[Tutor] Can anyone help me?

bob bgailer at alum.rpi.edu
Fri Oct 28 19:31:45 CEST 2005

At 08:08 AM 10/28/2005, Smith, Jeff wrote:
>But the odds that you will win are not impacted by the number of tickets 
>that are sold in total...only the number you buy.  When you take into 
>account the total number of tickets sold, all you get are the odds that 
>the lottery will be won by anyone.
>I'm also a little confused by that def of odds.  Consider flipping a 
>coin.  The probability that it will come up heads is 1/2.  That def says 
>that the odds in favor of it coming up heads is 1.

Ah there's the rub. Odds are not "in favor". The odds of heads is 1 and the 
odds of tails is 1. The odds therefore are the same. If you flip 2 coins 
then the odds of both being heads is 1/3, ditto both tails. Odds of being 
different is 1/2.

>-----Original Message-----
>From: bob [mailto:bgailer at alum.rpi.edu]
>Sent: Friday, October 28, 2005 10:52 AM
>To: Smith, Jeff; Tutor at python.org
>Subject: Re: [Tutor] Can anyone help me?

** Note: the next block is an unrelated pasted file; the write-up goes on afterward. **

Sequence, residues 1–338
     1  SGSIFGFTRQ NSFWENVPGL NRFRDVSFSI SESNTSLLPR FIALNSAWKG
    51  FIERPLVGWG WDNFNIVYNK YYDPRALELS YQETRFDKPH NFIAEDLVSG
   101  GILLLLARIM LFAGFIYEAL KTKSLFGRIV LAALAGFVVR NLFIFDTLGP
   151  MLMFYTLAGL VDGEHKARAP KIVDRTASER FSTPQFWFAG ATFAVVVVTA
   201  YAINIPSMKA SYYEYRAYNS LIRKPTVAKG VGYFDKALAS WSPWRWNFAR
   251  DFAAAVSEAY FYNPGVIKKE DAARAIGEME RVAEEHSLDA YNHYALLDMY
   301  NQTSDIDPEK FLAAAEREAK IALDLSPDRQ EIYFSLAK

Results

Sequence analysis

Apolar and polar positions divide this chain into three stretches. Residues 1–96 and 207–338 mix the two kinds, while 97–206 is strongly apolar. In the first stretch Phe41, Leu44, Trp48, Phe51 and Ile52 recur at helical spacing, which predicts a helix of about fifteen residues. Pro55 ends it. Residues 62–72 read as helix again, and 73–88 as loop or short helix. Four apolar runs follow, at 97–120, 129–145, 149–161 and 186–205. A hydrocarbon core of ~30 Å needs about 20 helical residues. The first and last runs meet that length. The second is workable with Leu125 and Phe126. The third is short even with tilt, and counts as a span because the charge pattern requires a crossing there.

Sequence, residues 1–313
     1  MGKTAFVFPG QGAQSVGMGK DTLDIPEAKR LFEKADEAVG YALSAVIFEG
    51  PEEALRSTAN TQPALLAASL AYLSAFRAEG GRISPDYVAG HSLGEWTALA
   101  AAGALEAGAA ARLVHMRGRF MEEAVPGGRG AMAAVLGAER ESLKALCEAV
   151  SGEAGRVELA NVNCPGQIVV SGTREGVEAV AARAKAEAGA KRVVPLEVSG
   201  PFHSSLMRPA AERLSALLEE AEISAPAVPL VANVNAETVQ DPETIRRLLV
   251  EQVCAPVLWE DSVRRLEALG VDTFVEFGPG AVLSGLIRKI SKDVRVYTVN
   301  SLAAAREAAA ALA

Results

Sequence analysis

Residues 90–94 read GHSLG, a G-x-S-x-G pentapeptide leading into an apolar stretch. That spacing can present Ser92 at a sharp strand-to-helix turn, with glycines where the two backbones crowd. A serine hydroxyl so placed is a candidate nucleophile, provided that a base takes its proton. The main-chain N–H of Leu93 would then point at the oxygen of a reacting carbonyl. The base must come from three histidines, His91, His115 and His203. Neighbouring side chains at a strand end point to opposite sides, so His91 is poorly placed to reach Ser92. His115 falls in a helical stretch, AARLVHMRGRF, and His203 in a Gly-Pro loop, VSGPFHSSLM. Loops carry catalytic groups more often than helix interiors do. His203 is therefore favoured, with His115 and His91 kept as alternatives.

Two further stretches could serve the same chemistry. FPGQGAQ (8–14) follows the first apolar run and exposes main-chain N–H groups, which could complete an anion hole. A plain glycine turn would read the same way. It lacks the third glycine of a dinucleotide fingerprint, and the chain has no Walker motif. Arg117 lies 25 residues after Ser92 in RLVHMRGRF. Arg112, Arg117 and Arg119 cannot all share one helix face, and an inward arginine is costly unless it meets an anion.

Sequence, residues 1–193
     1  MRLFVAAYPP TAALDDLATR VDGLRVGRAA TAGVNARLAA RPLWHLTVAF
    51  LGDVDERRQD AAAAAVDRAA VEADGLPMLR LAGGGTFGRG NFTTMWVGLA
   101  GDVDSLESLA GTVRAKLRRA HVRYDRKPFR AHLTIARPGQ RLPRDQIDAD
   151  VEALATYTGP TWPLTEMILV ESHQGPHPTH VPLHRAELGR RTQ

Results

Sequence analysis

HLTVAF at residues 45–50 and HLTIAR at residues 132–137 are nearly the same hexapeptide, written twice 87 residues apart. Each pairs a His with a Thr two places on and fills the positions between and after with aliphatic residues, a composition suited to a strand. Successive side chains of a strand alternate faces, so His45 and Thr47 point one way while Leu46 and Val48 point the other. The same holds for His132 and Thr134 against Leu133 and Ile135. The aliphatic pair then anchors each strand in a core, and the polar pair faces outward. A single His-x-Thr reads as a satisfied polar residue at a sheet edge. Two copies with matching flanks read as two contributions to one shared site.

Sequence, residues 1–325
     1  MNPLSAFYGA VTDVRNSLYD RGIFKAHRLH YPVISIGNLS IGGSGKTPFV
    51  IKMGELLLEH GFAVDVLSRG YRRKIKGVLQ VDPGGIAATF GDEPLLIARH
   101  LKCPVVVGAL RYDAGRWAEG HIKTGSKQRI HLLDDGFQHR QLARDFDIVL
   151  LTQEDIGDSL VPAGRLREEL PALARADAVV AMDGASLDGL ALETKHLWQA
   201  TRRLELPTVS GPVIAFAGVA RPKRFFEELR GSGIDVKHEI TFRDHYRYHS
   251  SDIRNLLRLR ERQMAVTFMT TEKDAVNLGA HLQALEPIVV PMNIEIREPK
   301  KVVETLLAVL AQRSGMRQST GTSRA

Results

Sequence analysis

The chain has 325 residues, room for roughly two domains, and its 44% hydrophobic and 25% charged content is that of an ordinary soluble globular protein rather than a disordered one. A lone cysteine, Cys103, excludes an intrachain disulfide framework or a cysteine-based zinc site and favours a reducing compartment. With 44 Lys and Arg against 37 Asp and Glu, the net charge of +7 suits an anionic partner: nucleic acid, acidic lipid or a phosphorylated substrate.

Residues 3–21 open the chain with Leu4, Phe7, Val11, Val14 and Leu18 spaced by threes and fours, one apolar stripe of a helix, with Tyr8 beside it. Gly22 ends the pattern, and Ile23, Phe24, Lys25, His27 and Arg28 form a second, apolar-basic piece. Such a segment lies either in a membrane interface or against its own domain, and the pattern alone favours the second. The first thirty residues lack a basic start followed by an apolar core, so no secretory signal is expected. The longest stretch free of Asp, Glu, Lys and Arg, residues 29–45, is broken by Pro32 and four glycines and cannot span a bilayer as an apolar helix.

>At 07:28 AM 10/28/2005, Smith, Jeff wrote:
>>Aren't the odds just based on how many tickets you buy?  The odds aren't
>>affected by different people buying more tickets.  If only one person
>>buys a ticket in the entire lottery system, his odds of winning are the
>>same as if two people play, and the same as if 20 million play.
>According to the wikipedia: "In 
><http://en.wikipedia.org/wiki/Probability_theory>probability theory and 
><http://en.wikipedia.org/wiki/Statistics>statistics the odds in favor of 
>an event or a proposition are the quantity p / (1-p), where p is the 
><http://en.wikipedia.org/wiki/Probability>probability of the event or 
>proposition." If you assign equal probability of winning to each ticket 
>then odds are how many tickets you buy relative to how many tickets 
>everyone else has bought.
>The probability of a ticket winning is 1 / m**n where m is the highest 
>number possible and n is the number of numbers. If a lottery uses 6 
>numbers each in the range 1..42 then the probability of a ticket winning 
>is 1/5489031744.
>All of this is mathematics. Sometimes one or more tickets win. Is that 
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